No Happy Endings
“Neither objectivity nor proof means a thing.
The image says it all.” (Hitomi Kuroki, “The Frame”)
Contemporary J-Horror does not present anything
akin to a unified front. Fractured along lines of gender and privilege,
many titles actively contest patriarchal power and some cast their female
protagonists in either subversive or heroic roles. The Final Girl,
when she appears, does not automatically betray her gender. Indeed,
some J-Horror horror narratives seek resolutions in acceptance rather than
in arranging destruction of “The Other.” Although such acceptance
– when coded female – might risk connoting affirmation of an essentialist
natural order, it is easy to misunderstand the resultant allocations and
sharing of power if this is viewed solely through a Western cultural prism.
The final scenes of “Umi wa miteita” (“The Sea
is Watching,” 2002) – Akira Kurosawa’s last screenplay – leave its female
protagonist “Kikuno” (Misa Shimizu) seemingly beleaguered on the roof of
a dwelling about to be submerged by the quietly rising waters of a flood.
Is her loss of everything – including her life – a defeat? In the
words of her character (“Well, here I am . . . alone at last. And
it feels fine.”) it is clearly not, since she experiences freedom and autonomy
in these extraordinary, transforming circumstances. This is the two-fold
subversive message of many contemporary Japanese horror films. The
evils flowing from patriarchal power take one form – expressed in social
and sexual controls. But the liberating responses of the individual
can be manifold – and perhaps even private. The dark water that drowns
Okiku and from which her vengeful spirit emerges – a symbol of yin in classical
artistic media – is found in many J-Horror titles. This affirms sexuality
and gender as the ultimate basis of horror. Horror, then, is indeed
a mirror held up to unspoken assumptions about roles. Accordingly,
its import must surely be culturally determined.
So what, exactly, might contemporary J-Horror
“confess” about women? On one level, the films chosen for more detailed
review are narratives structured around various themes that are readily
constructed as threats. Although perhaps neither specific to women
nor unique to Japanese culture, J-Horror articulates culturally constructed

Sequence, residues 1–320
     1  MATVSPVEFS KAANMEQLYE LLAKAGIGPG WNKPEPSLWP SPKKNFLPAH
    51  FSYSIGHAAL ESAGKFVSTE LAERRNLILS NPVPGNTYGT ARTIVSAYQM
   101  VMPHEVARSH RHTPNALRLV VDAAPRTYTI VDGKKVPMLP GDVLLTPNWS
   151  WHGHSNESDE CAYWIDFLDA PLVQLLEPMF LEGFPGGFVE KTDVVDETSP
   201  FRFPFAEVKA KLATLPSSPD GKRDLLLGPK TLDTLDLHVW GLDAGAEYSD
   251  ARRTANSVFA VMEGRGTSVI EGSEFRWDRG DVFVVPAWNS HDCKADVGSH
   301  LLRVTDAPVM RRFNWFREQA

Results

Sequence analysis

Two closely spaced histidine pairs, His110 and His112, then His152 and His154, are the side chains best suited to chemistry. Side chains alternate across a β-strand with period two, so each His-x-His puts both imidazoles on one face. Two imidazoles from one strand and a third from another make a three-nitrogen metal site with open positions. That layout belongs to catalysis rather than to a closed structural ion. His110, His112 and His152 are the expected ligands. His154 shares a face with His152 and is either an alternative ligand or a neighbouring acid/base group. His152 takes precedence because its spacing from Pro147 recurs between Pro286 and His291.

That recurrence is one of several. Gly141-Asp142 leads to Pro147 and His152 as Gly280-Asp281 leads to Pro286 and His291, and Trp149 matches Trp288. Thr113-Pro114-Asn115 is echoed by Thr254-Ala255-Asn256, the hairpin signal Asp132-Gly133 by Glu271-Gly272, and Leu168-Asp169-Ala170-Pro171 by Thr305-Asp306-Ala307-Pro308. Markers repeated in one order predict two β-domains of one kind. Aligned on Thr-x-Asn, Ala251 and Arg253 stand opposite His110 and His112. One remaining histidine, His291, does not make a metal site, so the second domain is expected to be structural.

rather than “essentialist” or technical perspectives on the uncanny.
The woman, in this scenario, while still taking her share of blame, is
nevertheless an unusually vigorous protagonist as well as sounding board
for broader social and political concerns.
“Flower and Snake” readily evokes the horror of
physical abduction and sexual exploitation, but is Yoshihiro Hoshino’s
“'Chô' kowai hanashi a: Yami no karasu” (“Cursed,” 2004) a
critique of a different kind – that of labor exploitation – as people become
zombies enslaved to their low paying service jobs? What of the attack
on pop culture and consumerism implied in “Suicide Circle,” or the unraveling
of inauthentic social roles in “Hellevator?” These, too, take aim
at larger social targets, as does the critique of uniformity and rejection
of difference implicit in “Ring 0.” Loneliness and the search for
love add pathos to “The Locker.”
Ubiquitous, intrusive technology has been a staple
of J-Horror since “Ringu.” The characters of “One Missed Call” cannot
live without their cell phones, so they die because of them. The
competitiveness engendered by patriarchal norms in the employment marketplace
forms the backstory to “2LDK.” “Embalming” takes aim at the objectification
of the body, while other titles address more direct aspects of abusive
male behavior involving physical assault (“Sky High,” “Tokyo Psycho,” “Flower
and Snake”) discrimination and abuse of power (“Audition,” “The Frame”),
exploitation (“Gore From Outer Space”), child abuse (“Audition,” “Battle
Royale,” “Hellevator”), attacks on custody rights (“The Frame”), as well
as more casual infidelities (“Tomie”) or attractions (“Boogiepop”).
Sick of it all, alienated people kill each other (“Battle Royale”) or themselves
Unlike Hollywood horror whose conspicuously repeated
formulae reaffirm modernist myths that things really will get better –
that the uncanny is but a threatening aberration – J-Horror knows better.
The horror is right here. We’re stuck in it, and no one’s getting
out. As one character says in “Suicide Circle,” “Kill yourself before
you murder someone.” All the ailments of unresolved modernity will
relentlessly insinuate themselves into our lives, no matter how many times
we bang shut the metal door to the tiny apartment or turn off the cell
phone. Modern culture and its ailments are inescapable, and inescapability
might constitute the central nexus of J-Horror.